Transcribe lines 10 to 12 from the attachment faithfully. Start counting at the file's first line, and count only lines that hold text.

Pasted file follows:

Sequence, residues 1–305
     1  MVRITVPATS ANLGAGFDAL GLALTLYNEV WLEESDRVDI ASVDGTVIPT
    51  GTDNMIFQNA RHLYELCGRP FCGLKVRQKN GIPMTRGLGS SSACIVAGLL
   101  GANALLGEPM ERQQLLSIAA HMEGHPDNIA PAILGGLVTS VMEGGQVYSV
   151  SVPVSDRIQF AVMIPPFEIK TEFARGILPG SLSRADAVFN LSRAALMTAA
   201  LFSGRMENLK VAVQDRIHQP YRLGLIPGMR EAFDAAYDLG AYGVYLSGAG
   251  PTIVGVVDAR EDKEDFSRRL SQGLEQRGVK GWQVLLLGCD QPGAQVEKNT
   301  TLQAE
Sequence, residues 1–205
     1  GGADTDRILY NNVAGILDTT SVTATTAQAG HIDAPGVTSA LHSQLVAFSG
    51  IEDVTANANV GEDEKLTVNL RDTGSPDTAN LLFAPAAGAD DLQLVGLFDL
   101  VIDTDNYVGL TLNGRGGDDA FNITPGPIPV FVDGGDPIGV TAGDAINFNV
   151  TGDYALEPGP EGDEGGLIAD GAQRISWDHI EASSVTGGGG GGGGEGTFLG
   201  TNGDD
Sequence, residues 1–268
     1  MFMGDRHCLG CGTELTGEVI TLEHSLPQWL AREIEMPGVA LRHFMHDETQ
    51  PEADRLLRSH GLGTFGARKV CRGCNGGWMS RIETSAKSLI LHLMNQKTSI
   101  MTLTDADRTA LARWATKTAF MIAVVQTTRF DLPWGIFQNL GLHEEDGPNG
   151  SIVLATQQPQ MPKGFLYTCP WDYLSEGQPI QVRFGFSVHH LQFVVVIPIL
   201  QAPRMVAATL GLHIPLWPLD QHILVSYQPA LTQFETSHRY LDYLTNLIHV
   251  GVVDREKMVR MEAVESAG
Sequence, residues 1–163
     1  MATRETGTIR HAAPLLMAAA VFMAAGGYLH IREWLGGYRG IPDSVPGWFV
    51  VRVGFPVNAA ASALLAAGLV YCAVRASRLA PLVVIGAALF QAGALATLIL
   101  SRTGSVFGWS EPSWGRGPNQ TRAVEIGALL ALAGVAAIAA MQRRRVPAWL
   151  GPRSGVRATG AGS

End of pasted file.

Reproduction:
     1  GGADTDRILY NNVAGILDTT SVTATTAQAG HIDAPGVTSA LHSQLVAFSG
    51  IEDVTANANV GEDEKLTVNL RDTGSPDTAN LLFAPAAGAD DLQLVGLFDL
   101  VIDTDNYVGL TLNGRGGDDA FNITPGPIPV FVDGGDPIGV TAGDAINFNV